Literary Patronage in the Middle Ages

Literary Patronage in the Middle Ages

Literary Patronage in the Middle Ages

Literary Patronage in the Middle Ages

Excerpt

Patronage of letters, existing as a well-defined system, is not nationally restricted or dependent upon the spirit of any age but is the result rather of a few fairly obvious and universal social and economic conditions. Its most complete development is usually found within a highly aristocratic form of society, for obviously, inequalities of wealth and position only can bring about an exercise of individual largess or protection, and further, even in ancient times it is

To growing wealth, the dedicator flies.

Literature in a wide sense had been pursued for ages before such a social condition was reached and before any individual ownership of literary property had become defined. There had been first of all a communal period of cooperative effort in which individual ownership gradually developed as the literary individual emerged from the throng. When literature came to be reckoned as a profession, however, it had to be adjusted to the existing economic system. In a homogeneous community, where power and wealth are widely or almost equally distributed, and where literary culture finally enforces recognition, means of rewarding genius come into use which are of a kind suitable to reach a large class of men. So among Semitic peoples from whom the oldest monuments remain and among whom individual authorship was unknown, literature was a growing thing, alive only so long as it grew. It was the product, not of individuals, but of schools of thought or of scribes of a particular temple, and it passed therefore with the thought which had produced it. Such production is purely communal, but parallel with group authorship there is the beginning of a more marked individual authorship, for books are also written at the order of kings and commanders, though with this qualification to be remembered, that literature is as yet a craft and not an art. Though there . . .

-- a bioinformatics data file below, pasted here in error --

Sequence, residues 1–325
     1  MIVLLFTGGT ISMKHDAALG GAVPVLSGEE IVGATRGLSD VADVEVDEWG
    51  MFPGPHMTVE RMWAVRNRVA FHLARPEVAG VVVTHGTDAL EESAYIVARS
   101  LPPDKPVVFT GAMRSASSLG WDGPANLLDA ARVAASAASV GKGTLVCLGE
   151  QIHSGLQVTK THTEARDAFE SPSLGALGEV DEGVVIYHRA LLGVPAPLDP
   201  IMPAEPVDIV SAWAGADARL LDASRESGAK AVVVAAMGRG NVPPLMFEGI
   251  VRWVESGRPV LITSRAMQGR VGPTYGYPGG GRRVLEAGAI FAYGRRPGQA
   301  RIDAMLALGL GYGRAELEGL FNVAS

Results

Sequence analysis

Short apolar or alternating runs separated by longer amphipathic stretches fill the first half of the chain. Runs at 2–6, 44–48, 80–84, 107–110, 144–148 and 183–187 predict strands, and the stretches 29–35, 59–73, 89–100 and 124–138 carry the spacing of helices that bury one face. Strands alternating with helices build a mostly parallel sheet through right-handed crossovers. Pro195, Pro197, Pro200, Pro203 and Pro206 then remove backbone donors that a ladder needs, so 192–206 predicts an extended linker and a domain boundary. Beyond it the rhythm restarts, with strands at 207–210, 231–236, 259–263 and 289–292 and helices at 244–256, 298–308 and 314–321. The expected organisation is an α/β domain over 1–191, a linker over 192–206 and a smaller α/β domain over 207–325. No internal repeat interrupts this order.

Search by... Author
Show... All Results Primary Sources Peer-reviewed

Oops!

An unknown error has occurred. Please click the button below to reload the page. If the problem persists, please try again in a little while.